Due to its multiple effects, IF protocols may have several potential clinical applications such as weight management, diabetes management, cardiometabolic improvement, and cognitive and brain health support (evidence from key human clinical trials and/or preclinical studies for each application is briefly summarized in Table 2 along with references).
Choosing between IF and energy restriction protocols
At this point, head-to-head studies of different IF and energy restriction protocols are lacking. However, it is possible to differentiate between protocols based on emerging clinical applications as well as individual practical lifestyle aspects.
Practicality and safety of IF
Investigating long-term energy restriction in humans can be challenging. The first long-term human energy restriction clinical trial is the Comprehensive Assessment of Long-term Effects of Reducing Intake of Energy (CALERIE) trial, which found that a 12% reduction in caloric intake for up to 2 years reduced risk for age-related diseases such as diabetes, heart disease, and stroke.18,19 Due to its multiple effects, IF protocols may have several potential clinical applications such as weight management, diabetes management, cardiometabolic improvement, and cognitive and brain health support (evidence from key human clinical trials and/or preclinical studies for each application is briefly summarized in Table 2 along with references).
Fast day meal timing may also be flexible to increase tolerability and long-term adherence to ADF or mADF protocols. One trial reported that eating the fast day meal at lunch time, moving the fast day meal to dinnertime, or dividing the fast day meal into smaller meals were equally effective in improving body weight and body composition in adults with obesity over 8 weeks.22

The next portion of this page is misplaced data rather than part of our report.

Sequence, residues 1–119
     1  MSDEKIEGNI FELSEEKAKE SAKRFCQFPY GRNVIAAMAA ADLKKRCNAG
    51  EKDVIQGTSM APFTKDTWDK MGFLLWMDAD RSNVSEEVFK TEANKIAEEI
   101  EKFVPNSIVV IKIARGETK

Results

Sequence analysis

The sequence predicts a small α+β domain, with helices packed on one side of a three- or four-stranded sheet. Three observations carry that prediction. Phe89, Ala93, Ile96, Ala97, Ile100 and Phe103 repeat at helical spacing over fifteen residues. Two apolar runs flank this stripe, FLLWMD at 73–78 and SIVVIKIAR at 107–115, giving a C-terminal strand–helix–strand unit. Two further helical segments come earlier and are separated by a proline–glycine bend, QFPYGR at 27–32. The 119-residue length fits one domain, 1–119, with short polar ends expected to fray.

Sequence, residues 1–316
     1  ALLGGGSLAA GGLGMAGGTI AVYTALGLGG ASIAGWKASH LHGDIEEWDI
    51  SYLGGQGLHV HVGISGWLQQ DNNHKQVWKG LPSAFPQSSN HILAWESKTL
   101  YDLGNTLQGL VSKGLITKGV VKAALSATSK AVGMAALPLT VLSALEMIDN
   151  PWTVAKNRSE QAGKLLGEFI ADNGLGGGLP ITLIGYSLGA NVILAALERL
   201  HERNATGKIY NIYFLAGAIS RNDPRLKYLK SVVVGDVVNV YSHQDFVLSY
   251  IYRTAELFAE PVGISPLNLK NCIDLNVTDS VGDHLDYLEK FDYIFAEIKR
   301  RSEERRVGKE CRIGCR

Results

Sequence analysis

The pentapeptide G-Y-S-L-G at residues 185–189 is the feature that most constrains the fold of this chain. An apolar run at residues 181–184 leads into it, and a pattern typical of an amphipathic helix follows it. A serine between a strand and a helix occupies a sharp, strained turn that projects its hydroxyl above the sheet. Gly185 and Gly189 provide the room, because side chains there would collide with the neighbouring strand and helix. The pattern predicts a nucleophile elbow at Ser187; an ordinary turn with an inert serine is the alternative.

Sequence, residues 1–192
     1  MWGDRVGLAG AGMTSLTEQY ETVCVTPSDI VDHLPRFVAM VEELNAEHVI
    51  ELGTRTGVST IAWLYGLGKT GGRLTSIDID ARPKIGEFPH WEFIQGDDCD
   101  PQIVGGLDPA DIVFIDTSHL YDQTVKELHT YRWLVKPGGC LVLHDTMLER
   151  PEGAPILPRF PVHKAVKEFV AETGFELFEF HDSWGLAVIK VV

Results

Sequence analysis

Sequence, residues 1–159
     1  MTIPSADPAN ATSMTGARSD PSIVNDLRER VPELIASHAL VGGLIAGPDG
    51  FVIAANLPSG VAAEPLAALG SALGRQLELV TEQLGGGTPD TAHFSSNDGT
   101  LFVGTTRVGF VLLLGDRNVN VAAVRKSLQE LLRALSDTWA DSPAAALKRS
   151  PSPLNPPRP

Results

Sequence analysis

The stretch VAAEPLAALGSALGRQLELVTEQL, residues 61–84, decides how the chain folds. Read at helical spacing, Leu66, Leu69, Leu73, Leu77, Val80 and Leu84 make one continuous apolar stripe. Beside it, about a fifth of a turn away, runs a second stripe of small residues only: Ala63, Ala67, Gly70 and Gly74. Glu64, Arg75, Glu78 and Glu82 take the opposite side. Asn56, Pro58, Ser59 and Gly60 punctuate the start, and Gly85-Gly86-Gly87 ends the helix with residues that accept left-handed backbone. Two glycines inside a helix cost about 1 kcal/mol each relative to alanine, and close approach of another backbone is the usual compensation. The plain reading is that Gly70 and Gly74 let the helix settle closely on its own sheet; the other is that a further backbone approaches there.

Exercise combined with IF may lead to greater weight loss than exercise alone or IF alone.23 One trial found that exercise could be easily incorporated into the ADF regimen either on fast days or feed days, and exercise on fast days did not result in increased hunger or extra food intake in subjects with obesity over 12 weeks.24
For people using type 2 diabetes (T2D) medication, IF may require medication changes and regular monitoring—especially in the initial stages of dietary change—to prevent hypoglycemia.25 One trial reported that sulfonylureas and insulin dosage needed to be adjusted on fasting days according to participants’ baseline HbA1c levels (e.g., discontinuing sulfonylureas and insulin on fasting days only and discontinuing long-acting insulin the night before a fasting day for those with HbA1c levels between 7 and 10%) and recommended that patients work with endocrinologists while adapting to IF regimens.25
For people with type 1 diabetes (T1D) and obesity, a 12-week pilot trial demonstrated IF (as 5:2 protocol) to be a safe and effective alternative to traditional CER for weight loss, and moderate adjustment in their basal insulin doses (10% reduction on nonfasting days and 50% reduction on fasting day) effectively prevented hypoglycemia.26
Fasting protocols have not been investigated in children, elderly, underweight individuals, and those receiving insulin or insulin-like drugs. Fasting periods longer than 24 hours should be overseen by a healthcare practitioner. Proper intake of noncaloric fluids is crucial to ensure adequate hydration. Lastly, fasting may result in changes in circadian rhythms of endocrine and gastrointestinal systems.27,28